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Jordan v. Ferro

Decided: April 10, 1961.

JESSIE JORDAN, PETITIONER-RESPONDENT,
v.
ALEXANDER F. FERRO, T/A DALE IRON AND METAL COMPANY, AND PENNSYLVANIA THRESHERMEN AND FARMERS' MUTUAL CASUALTY INSURANCE COMPANY, RESPONDENT-APPELLANT



Determination of Facts and rule for judgment.

Hopkins, J.c.c.

Hopkins

[67 NJSuper Page 190] Jessie Jordan, the petitioner, was severely and permanently injured on June 19, 1957 in an accident arising out of and in the course of his employment by Alexander F. Ferro, trading as Dale Iron and Metal Company. On April 27, 1959 a substantial judgment was entered in favor of the petitioner against his employer and Pennsylvania Threshermen and Farmers' Mutual Casualty Insurance Company, alleged to be the insurance carrier. On the present appeal of the insurance company, two questions are presented for determination: (1) the jurisdiction of the Workmen's Compensation Division of the Department of Labor and Industry to enter the judgment; and (2) the factual existence of insurance coverage at the time of the accident. Normally the question of jurisdiction would be determined first; but, in order that the matter

may be completely delineated, the factual situation will be explored prior to the determination of the jurisdictional question.

I.

Alexander Ferro, the respondent employer, was engaged in business in New York under a corporate setup known as Jafco Iron and Metal Corporation. He was familiar with the general procedures involved in the issuance of insurance policies, and particularly the issuance of and the necessity for workmen's compensation insurance, at least so far as that state is concerned. He entered into business in New Jersey on May 7, 1957, individually, trading as Dale Iron and Metal Company, and in anticipation thereof he engaged Henry Pflug, a licensed insurance broker of New Jersey, to secure compensation insurance for him. The broker was unable to secure insurance on a voluntary basis through the regular channels and advised Ferro he would have to make application for assignment of an insurance carrier in accordance with the New Jersey Assigned Risk Plan -- Workmen's Compensation Insurance. On May 16, 1957 such an application was filled out, signed by Ferro, and filed with the Bureau.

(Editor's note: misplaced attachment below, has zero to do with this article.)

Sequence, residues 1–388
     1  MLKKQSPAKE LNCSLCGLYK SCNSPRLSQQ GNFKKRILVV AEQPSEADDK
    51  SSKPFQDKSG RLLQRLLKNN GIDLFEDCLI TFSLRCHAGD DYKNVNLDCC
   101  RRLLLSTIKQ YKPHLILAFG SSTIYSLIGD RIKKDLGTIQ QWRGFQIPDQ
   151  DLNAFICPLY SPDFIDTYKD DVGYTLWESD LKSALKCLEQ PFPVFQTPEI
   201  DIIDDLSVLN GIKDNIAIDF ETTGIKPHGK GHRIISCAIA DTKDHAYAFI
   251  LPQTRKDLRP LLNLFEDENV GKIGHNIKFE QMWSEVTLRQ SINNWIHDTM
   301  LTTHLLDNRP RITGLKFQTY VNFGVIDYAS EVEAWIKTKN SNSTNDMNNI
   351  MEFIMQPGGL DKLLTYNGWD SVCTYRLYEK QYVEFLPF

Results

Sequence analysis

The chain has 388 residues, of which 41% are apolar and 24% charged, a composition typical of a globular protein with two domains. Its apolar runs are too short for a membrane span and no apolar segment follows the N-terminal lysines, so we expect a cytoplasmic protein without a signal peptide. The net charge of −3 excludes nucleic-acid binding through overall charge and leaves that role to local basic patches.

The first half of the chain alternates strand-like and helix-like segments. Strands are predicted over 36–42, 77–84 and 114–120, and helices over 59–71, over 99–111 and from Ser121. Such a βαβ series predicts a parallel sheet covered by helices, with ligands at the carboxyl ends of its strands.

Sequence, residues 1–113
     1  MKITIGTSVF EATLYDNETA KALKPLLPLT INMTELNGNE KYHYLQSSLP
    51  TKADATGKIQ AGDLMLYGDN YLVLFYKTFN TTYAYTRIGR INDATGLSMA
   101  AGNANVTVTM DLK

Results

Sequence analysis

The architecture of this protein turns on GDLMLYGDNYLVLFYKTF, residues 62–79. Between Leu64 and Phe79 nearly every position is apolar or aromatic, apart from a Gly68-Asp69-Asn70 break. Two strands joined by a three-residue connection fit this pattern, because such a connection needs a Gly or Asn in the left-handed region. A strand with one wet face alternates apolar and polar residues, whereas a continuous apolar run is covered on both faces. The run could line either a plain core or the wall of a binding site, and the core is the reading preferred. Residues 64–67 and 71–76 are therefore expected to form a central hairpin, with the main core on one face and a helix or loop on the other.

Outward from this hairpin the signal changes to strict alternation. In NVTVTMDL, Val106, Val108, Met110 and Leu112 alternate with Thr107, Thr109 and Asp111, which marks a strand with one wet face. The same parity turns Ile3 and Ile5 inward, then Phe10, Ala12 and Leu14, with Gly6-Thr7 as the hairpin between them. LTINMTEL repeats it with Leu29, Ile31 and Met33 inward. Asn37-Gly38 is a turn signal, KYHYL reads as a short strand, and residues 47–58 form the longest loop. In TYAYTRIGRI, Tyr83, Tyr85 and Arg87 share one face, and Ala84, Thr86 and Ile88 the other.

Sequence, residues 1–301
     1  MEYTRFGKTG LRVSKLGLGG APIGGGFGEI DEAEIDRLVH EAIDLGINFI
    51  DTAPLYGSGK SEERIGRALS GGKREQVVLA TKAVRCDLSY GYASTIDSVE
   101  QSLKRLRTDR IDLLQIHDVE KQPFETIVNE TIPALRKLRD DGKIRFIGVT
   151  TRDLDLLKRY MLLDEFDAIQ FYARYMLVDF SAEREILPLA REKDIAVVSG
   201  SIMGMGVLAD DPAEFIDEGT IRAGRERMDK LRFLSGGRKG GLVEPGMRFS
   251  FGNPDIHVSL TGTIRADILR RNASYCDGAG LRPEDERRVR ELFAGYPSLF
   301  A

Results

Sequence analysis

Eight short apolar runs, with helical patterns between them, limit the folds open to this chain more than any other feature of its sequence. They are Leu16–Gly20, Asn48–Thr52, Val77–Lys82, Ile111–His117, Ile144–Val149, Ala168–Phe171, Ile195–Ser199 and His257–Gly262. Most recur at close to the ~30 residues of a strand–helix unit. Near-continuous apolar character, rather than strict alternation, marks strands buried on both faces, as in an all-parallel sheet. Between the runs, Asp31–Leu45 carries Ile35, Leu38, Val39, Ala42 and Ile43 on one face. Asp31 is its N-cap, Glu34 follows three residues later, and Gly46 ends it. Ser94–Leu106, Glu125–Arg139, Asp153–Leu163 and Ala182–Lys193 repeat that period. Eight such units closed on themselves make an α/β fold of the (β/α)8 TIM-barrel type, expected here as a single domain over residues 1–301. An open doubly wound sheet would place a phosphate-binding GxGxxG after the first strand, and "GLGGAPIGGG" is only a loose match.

At the top of the application in red ink under the heading "Important" the following words appear -- "No insurance is provided by this application. Insurance becomes effective only in accordance with the terms of the Assigned Risk Plan." Paragraph 5 of the Plan contains the language pertinent to this matter. It states, in part:

"Upon receipt of an assignment from the Bureau, the designated carrier shall make available to the employer Workmen's Compensation and Employers' Liability insurance to become effective not more than five business days after the date of the assignment, provided the premium is paid to the carrier. In the event that the premium is not paid within the five day period, the company shall be authorized to defer the effective date of the insurance until 12:01 a.m. on the day following payment." (Emphasis supplied.)

This provision of the Plan was known not only to the respondent employer's broker, a licensed broker for over 20 years, but he also testified as follows:

"Q. As an insurance broker with the client, did you convey to Mr. Ferro that he had no insurance until the premium was paid? A. I told him that originally.

Q. What did you tell him originally? A. I told him that the premium had to be paid to the company before any coverage.

Q. When did you tell him that? A. I told him the day I worked up the assignment."

Under date of May 29, 1957 the Bureau directed a letter to Ferro, with a copy to his broker, advising that the risk had been assigned to the respondent insurance company. The ...


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